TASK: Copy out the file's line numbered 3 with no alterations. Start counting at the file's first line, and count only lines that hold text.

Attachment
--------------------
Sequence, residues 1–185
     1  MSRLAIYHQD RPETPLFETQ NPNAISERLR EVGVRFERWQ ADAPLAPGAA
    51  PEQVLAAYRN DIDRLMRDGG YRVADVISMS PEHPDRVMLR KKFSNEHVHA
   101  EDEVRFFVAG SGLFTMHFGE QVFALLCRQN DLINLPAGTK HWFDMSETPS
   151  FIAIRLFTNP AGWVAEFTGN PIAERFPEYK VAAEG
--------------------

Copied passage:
    51  PEQVLAAYRN DIDRLMRDGG YRVADVISMS PEHPDRVMLR KKFSNEHVHA